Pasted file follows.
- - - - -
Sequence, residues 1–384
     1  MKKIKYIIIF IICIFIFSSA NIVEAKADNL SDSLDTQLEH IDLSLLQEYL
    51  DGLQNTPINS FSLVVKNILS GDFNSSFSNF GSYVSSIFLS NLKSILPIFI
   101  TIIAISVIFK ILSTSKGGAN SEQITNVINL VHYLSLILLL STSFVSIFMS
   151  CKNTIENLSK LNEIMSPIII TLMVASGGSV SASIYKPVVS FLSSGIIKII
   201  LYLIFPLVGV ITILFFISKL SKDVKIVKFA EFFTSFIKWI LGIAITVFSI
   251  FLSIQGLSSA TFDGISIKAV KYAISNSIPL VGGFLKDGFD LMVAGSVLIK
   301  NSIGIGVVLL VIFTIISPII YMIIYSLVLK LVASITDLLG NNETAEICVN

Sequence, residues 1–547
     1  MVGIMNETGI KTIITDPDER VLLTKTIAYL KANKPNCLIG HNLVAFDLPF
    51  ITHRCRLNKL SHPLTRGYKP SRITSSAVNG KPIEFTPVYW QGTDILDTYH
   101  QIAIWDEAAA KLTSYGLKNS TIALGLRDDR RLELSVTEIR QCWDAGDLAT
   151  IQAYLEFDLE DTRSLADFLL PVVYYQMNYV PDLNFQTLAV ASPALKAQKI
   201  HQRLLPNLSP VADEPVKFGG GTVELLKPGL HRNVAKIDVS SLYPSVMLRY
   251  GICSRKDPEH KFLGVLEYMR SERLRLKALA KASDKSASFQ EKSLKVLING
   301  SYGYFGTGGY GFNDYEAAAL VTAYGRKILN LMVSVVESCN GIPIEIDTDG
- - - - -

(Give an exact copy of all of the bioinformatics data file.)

Sequence, residues 1–384
     1  MKKIKYIIIF IICIFIFSSA NIVEAKADNL SDSLDTQLEH IDLSLLQEYL
    51  DGLQNTPINS FSLVVKNILS GDFNSSFSNF GSYVSSIFLS NLKSILPIFI
   101  TIIAISVIFK ILSTSKGGAN SEQITNVINL VHYLSLILLL STSFVSIFMS
   151  CKNTIENLSK LNEIMSPIII TLMVASGGSV SASIYKPVVS FLSSGIIKII
   201  LYLIFPLVGV ITILFFISKL SKDVKIVKFA EFFTSFIKWI LGIAITVFSI
   251  FLSIQGLSSA TFDGISIKAV KYAISNSIPL VGGFLKDGFD LMVAGSVLIK
   301  NSIGIGVVLL VIFTIISPII YMIIYSLVLK LVASITDLLG NNETAEICVN

Sequence, residues 1–547
     1  MVGIMNETGI KTIITDPDER VLLTKTIAYL KANKPNCLIG HNLVAFDLPF
    51  ITHRCRLNKL SHPLTRGYKP SRITSSAVNG KPIEFTPVYW QGTDILDTYH
   101  QIAIWDEAAA KLTSYGLKNS TIALGLRDDR RLELSVTEIR QCWDAGDLAT
   151  IQAYLEFDLE DTRSLADFLL PVVYYQMNYV PDLNFQTLAV ASPALKAQKI
   201  HQRLLPNLSP VADEPVKFGG GTVELLKPGL HRNVAKIDVS SLYPSVMLRY
   251  GICSRKDPEH KFLGVLEYMR SERLRLKALA KASDKSASFQ EKSLKVLING
   301  SYGYFGTGGY GFNDYEAAAL VTAYGRKILN LMVSVVESCN GIPIEIDTDG